Book Image

Template Metaprogramming with C++

By : Marius Bancila
5 (1)
Book Image

Template Metaprogramming with C++

5 (1)
By: Marius Bancila

Overview of this book

Learn how the metaprogramming technique enables you to create data structures and functions that allow computation to happen at compile time. With this book, you'll realize how templates help you avoid writing duplicate code and are key to creating generic libraries, such as the standard library or Boost, that can be used in a multitude of programs. The introductory chapters of this book will give you insights into the fundamentals of templates and metaprogramming. You'll then move on to practice writing complex templates and exploring advanced concepts such as template recursion, template argument deduction, forwarding references, type traits, and conditional compilation. Along the way, you'll learn how to write variadic templates and how to provide requirements to the template arguments with C++20 constraints and concepts. Finally, you'll apply your knowledge of C++ metaprogramming templates to implement various metaprogramming patterns and techniques. By the end of this book, you'll have learned how to write effective templates and implement metaprogramming in your everyday programming journey.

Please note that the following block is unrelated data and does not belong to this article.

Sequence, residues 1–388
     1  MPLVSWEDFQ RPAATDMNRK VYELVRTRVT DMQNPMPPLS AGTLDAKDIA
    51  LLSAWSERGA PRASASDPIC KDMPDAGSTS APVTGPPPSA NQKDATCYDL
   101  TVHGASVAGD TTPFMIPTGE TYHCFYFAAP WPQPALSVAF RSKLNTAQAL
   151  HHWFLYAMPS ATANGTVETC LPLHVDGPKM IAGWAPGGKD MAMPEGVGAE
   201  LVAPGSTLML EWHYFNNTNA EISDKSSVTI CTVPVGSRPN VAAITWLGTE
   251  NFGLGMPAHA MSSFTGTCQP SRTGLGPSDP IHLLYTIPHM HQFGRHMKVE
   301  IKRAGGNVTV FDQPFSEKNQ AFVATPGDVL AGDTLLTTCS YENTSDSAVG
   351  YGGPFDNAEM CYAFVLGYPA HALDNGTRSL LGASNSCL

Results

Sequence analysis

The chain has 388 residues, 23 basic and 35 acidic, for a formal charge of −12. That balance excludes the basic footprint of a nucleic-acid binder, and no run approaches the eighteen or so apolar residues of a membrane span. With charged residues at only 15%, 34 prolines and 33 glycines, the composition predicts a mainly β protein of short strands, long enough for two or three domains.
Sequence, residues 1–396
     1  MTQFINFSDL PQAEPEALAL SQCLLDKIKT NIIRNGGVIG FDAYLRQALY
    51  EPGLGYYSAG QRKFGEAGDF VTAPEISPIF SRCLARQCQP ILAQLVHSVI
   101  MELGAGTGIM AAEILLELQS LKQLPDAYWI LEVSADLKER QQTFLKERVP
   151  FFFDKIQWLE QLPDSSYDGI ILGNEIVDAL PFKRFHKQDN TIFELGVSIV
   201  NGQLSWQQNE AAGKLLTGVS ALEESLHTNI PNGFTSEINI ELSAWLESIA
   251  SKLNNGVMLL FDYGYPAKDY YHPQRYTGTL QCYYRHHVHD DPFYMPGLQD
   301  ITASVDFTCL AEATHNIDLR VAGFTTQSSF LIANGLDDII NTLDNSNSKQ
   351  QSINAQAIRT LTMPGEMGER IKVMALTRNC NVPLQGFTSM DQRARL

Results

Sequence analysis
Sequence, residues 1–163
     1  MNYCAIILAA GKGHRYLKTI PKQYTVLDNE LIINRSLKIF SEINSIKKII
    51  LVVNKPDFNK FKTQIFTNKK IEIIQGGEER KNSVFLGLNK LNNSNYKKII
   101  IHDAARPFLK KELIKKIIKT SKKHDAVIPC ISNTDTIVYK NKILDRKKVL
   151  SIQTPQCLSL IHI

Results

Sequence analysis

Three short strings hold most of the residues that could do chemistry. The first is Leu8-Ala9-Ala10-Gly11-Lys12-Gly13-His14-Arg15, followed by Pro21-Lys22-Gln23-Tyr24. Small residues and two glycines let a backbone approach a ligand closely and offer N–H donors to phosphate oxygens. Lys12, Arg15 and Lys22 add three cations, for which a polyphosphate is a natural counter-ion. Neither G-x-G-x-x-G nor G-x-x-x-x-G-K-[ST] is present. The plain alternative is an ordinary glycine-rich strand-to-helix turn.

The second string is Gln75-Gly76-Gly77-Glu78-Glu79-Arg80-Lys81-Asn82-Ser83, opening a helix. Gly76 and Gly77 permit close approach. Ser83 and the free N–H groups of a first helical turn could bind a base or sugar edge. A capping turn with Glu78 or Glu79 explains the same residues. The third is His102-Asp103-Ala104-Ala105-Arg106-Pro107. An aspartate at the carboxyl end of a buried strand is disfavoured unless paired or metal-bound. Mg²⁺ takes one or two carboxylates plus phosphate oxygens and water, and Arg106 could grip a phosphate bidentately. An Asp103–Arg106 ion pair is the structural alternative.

Table of Contents (16 chapters)
Part 1: Core Template Concepts
Part 2: Advanced Template Features
Part 3: Applied Templates
Appendix: Closing Notes

Creating a custom container and iterator

The best way to understand how containers and iterators work is to experience them first-hand by creating your own. To avoid implementing something that already exists in the standard library, we will consider something different – more precisely, a circular buffer. This is a container that, when full, overwrites existing elements. We can think of different ways such a container could work; therefore, it’s important that we first define the requirements for it. These are as follows:

  • The container should have a fixed capacity that is known at compile-time. Therefore, there would be no runtime memory management.
  • The capacity is the number of elements the container can store, and the size is the number of elements it actually contains. When the size equals the capacity, we say the container is full.
  • When the container is full, adding a new element will overwrite the oldest element in the container.
  • Adding new elements...